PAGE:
ICAState GetState(string name);
ICAState GetState(int index);
int IndexOf(ICAState s);
int IndexOf(string name);
bool ExistsState(string name);
void AddState(ICAState s);
void AddStates(IEnumerable<ICAState> ss);
void RemoveState(string name);
void RemoveState(ICAState s);
void ChangeState(string name, ICAState s);
ICAState CreateState(string name);
}

These properties and methods have the following usage:

  • UID: Returns a unique identifier for the state provider.
  • Name: Gets or sets the name of the state provider.
  • Count: Returns the number of states the object manages.
  • PropertyProvider: Property provider used for all the states managed by the object.
  • States: Enumerates all states managed by the object.
  • DefaultStateType: Gets or sets the default state type. It must be a type that implements the ICAState interface.
  • GetState: There are two versions of this method, one to get a state from its name and another from its index in the internal state list.
  • IndexOf: There are also two versions. They return the index of a state from the state itself or from its name.
  • ExistsState: Returns true if there exists a state with the given name.
  • AddState: Adds a state to the provider's state collection.
  • AddStates: Adds a list of states from an IEnumerable<ICAState> object.
  • RemoveState: Removes a state, either by its name or from the state itself.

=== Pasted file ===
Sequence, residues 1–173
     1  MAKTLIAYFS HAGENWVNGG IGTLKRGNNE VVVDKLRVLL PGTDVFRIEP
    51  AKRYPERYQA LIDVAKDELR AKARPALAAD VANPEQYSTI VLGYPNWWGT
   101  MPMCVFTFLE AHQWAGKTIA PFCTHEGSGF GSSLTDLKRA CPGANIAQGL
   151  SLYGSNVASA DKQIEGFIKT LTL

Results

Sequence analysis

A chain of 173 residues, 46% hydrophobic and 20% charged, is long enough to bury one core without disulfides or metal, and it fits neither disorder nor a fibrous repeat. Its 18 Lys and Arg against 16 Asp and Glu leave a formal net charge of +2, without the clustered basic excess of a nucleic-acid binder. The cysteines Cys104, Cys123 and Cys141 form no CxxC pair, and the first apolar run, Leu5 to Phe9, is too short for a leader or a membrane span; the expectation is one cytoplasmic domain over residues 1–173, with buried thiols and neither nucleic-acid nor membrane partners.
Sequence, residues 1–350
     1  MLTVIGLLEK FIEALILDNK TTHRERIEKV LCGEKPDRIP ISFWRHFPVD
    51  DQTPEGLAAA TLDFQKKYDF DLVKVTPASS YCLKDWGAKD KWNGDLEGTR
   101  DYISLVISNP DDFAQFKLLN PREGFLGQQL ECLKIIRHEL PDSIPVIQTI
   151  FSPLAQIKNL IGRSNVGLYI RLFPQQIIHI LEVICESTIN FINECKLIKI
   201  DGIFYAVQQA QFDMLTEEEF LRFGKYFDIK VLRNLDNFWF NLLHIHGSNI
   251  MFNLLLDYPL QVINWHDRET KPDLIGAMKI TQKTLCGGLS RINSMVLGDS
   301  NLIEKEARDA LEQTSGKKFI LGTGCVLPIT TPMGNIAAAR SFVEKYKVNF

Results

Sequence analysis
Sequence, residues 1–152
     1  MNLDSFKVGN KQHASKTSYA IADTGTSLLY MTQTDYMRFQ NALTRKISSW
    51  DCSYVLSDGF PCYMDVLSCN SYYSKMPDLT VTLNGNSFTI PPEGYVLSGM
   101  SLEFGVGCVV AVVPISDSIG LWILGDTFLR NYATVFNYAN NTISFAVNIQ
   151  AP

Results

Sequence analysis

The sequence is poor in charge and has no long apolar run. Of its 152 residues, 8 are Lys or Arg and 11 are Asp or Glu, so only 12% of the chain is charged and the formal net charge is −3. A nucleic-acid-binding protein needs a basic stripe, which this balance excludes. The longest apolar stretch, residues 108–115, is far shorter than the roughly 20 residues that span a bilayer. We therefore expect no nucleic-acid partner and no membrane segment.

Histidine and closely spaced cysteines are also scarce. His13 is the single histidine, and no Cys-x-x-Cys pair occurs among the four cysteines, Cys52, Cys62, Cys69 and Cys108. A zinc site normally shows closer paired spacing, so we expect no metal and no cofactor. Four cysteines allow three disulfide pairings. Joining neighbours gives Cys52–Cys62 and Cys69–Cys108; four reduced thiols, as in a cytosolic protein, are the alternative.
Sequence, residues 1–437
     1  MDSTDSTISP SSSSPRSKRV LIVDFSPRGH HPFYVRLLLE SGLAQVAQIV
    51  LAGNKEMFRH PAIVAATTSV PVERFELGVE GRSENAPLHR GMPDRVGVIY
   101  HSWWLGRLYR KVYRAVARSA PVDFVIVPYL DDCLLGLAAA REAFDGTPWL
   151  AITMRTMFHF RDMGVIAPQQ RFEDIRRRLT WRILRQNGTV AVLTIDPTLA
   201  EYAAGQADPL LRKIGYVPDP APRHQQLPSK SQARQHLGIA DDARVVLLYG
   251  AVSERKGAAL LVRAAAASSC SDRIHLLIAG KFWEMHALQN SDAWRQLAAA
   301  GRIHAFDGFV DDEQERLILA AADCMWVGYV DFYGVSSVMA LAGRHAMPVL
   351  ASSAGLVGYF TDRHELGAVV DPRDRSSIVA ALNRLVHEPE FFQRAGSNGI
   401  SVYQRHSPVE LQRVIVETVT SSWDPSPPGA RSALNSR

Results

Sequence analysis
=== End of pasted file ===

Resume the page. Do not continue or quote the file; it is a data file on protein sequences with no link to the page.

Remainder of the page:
• ChangeState: Changes the state named name by the state provided in the s parameter.
  • CreateState: Creates a new state with the name name and the type indicated in the DefaultStateType property.

There is also a default implementation of this interface in the BasicStateProvider class, in the States namespace of the CellularAutomata class library.

State editor

The state editor is implemented in the WinCA application in the frmStates form, in the Forms namespace. State editors must implement the ICAStateManager interface, defined in the WinCA application Interfaces namespace as follows:

public interface ICAStateManager
{
event CAStateChangeEventHandler StateChanged;
ICAStateProvider Provider { get; set; }
IPropertyProvider VariableProvider { get; }
IMainForm MainForm { get; set; }
}

StateChanged is an event that can be subscribed to receive notifications when one of the states is deleted, added, or renamed. Provider is the state provider used by the editor, and VariableProvider is a provider of variable properties. The constant property provider is obtained from the state provider. MainForm is the main form of the application.

States are stored in files, along with their properties, using an auxiliary serialization class, StateSerializationContext, defined in the Utils namespace:

public class StateSerializationContainer
{
public StateSerializationContainer()
{
}
public ICAStateProvider StateProvider { get; set; }
public PropertySerializationContainer Properties { get; set; }
}

Regarding the IMainForm interface, which I started to comment on in the previous article, the StateManagers property enumerates all open forms that implement the ICAStateManager interface, whereas the CreateStateManager method creates a new state editor form, either empty, if the sms parameter has the null value, or from a file if you provide a StateSerializationContainer object and a file name.

You can also subscribe to the OnStateManagerChanged event to receive notifications when opening or closing a new state editor form.

And that is all regarding states; in the next article I will explain the state change expressions.